Law Professor Goes In On Kamala Harris: She Was Not A Progressive Prosecutor

Written by Ann Brown

Kamala Harris recently announced her bid to run for president in 2020 and while many are impressed with her work in the Senate, critics are examining her record as California’s attorney general.

While the California senator has appeared to be an outspoken advocate for the “people,” she’s not a “progressive prosecutor,” wrote law professor Lara Bazelon, former director of the Loyola Law School Project for the Innocent in Los Angeles, in a New York Times opinion column.

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“Time after time, when progressives urged her to embrace criminal justice reforms as a district attorney and then the state’s attorney general, Ms. Harris opposed them or stayed silent,” Bazelon wrote. “Most troubling, Ms. Harris fought tooth and nail to uphold wrongful convictions that had been secured through official misconduct that included evidence tampering, false testimony and the suppression of crucial information by prosecutors.”

OAKLAND; CA – JAN 27: U.S. Senator Kamala Harris (D-CA) speaks to her supporters at the official launch rally for her campaign as a candidate for President of the United States in 2020 in front of Oakland City Hall at Frank H. Ogawa Plaza on January 27, 2019; in Oakland, California. Credit: Christopher Victorio/imageSPACE/MediaPunch /IPX

Bazelon implores voters to look at Harris’ record as San Francisco’s district attorney from 2004 to 2011. Harris was criticized in 2010 for withholding information about a police laboratory technician who had been accused of intentionally sabotaging her work and stealing drugs from the lab. A judge condemned Harris’s “indifference to the systematic violation of the defendants’ constitutional rights,” Bazelon pointed out.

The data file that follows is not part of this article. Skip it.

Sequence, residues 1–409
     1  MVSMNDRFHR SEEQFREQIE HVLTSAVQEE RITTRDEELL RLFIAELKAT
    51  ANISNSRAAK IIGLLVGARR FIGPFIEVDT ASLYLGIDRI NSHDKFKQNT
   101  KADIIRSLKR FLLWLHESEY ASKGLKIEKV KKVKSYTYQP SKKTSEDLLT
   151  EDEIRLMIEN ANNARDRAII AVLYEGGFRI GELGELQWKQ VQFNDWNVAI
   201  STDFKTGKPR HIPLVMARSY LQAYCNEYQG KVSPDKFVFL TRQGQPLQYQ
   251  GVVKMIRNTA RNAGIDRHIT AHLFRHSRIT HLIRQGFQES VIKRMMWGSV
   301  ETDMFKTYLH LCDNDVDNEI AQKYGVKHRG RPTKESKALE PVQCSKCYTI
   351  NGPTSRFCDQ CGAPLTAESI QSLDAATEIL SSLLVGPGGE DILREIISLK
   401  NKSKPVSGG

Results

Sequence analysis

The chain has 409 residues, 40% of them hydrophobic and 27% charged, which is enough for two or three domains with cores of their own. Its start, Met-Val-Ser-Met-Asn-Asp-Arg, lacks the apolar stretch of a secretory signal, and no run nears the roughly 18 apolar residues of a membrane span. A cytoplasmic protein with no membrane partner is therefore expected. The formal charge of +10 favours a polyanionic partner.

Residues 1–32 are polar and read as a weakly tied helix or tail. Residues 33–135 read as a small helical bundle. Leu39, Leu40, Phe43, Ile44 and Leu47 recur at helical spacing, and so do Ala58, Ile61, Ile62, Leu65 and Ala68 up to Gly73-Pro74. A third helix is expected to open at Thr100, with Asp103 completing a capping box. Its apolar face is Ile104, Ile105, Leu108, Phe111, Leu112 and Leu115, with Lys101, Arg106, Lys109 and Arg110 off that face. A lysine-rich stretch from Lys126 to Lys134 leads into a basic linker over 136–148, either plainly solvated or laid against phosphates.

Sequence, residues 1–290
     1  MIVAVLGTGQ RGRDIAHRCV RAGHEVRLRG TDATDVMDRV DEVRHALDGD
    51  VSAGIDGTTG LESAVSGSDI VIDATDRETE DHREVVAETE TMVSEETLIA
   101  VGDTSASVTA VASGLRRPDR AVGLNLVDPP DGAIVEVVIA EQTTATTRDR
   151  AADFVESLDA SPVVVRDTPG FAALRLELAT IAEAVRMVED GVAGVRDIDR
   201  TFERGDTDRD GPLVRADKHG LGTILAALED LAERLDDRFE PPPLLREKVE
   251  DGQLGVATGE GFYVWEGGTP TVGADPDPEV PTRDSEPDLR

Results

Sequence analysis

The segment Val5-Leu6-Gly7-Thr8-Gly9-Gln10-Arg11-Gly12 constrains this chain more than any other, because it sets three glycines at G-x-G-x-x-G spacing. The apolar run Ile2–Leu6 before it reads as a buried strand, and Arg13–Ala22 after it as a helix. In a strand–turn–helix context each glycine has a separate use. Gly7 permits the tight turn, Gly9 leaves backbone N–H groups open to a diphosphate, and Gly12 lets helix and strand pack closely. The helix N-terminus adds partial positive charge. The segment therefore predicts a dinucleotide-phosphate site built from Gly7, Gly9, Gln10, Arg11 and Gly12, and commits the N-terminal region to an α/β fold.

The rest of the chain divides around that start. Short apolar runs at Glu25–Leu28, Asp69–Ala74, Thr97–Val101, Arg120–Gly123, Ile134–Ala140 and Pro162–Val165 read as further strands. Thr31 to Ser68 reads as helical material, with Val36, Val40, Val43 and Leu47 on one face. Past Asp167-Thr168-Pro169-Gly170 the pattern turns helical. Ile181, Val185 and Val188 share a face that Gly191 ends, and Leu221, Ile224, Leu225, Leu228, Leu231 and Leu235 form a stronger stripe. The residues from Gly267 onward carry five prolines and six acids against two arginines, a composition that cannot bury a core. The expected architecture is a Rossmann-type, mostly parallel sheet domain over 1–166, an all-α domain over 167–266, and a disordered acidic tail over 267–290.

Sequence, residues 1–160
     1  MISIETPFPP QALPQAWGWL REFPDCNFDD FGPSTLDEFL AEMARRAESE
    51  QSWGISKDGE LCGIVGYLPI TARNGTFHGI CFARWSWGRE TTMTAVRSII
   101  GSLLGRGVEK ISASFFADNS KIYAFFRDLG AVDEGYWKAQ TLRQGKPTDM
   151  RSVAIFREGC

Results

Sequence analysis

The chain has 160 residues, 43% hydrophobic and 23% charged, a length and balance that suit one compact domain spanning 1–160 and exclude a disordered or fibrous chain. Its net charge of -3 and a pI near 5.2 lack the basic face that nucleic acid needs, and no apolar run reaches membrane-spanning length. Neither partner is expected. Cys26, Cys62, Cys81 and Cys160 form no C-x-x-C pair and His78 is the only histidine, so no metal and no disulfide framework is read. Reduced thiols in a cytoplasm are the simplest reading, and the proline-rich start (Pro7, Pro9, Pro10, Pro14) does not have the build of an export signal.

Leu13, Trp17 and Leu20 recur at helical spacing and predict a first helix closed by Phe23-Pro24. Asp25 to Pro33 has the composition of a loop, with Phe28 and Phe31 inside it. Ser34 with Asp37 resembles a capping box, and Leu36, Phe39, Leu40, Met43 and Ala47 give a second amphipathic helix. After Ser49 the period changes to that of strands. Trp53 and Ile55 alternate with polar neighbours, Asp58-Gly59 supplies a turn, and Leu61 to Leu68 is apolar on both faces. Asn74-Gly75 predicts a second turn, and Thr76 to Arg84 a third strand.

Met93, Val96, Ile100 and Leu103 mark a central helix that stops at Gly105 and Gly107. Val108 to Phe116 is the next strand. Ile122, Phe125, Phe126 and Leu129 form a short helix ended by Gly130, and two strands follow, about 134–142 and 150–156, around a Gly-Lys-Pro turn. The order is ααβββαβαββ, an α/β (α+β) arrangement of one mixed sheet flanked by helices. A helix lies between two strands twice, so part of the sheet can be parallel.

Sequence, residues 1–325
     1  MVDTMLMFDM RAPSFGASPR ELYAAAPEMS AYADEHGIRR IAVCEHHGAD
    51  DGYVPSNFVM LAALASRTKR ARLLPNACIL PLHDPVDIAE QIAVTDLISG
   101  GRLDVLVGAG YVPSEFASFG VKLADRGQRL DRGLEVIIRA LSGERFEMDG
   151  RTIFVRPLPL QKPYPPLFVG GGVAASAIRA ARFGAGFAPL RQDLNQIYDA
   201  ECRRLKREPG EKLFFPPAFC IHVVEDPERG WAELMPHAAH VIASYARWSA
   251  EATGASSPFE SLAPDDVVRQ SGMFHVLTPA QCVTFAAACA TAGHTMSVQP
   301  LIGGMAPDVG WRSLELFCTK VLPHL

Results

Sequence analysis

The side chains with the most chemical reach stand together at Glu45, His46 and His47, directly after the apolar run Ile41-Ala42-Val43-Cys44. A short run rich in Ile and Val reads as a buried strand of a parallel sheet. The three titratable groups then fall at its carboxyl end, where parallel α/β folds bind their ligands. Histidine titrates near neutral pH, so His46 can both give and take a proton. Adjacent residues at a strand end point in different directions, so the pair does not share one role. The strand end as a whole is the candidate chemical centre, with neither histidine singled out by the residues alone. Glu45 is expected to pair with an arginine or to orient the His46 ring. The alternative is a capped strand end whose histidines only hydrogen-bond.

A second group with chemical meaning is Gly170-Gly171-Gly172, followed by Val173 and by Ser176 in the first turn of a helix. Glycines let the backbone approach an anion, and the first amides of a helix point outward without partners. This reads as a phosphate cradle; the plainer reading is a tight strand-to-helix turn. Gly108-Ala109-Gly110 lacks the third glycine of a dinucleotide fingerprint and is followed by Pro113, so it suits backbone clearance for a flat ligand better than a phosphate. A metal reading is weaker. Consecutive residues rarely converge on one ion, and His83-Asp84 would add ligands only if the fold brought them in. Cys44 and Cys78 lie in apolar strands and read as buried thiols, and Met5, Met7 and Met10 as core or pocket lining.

Harris often stood up for law enforcement rather than the people, especially people of color, according to Bazelton. “Ms. Harris also championed state legislation under which parents whose children were found to be habitually truant in elementary school could be prosecuted, despite concerns that it would disproportionately affect low-income people of color.”

Harris also refused to support statewide standards regulating the use of body-worn cameras by police officers. Study after study has shown that body camera can protect citizens against police brutality.

One of the biggest criticisms against Harris related to Kevin Cooper, a death row inmate. Many observers said his trial was tainted by racism and corruption. He wanted advanced DNA testing to prove his innocence, but Harris opposed it. She reversed her position after a New York Times exposé of the case went viral.

All this is a shame because the California’s top prosecutor has the power and the imperative to seek justice. In cases of tainted convictions, that means conceding error and overturning them. Rather than fulfilling that obligation, Harris turned legal technicalities into weapons that cemented injustices, Bazelon noted.

Here’s how Bazelon summed up her opinion about Harris: “All too often, she was on the wrong side of that history.”

Harris could make good by radically breaking with her past and apologizing “to the wrongfully convicted people she has fought to keep in prison and to do what she can to make sure they get justice,” according to the opinion piece.

Harris’s office responded to the op-ed article with a statement by her
spokeswoman, Lily Adams:

“Kamala Harris has spent her career fighting for reforms in the criminal justice system and pushing the envelope to keep everyone safer by bringing fairness and accountability.”

Adams addressed the issues raised by Bazelon.

“Citing the criticism of the fact that Harris did not take a position in 2014 on Proposition 47, a reform of California’s three strikes law, Harris aides said her policy as attorney general was that she would not take a position on a ballot measure if she was responsible for writing the ballot language. She viewed it as a conflict of interest,” CNN reported.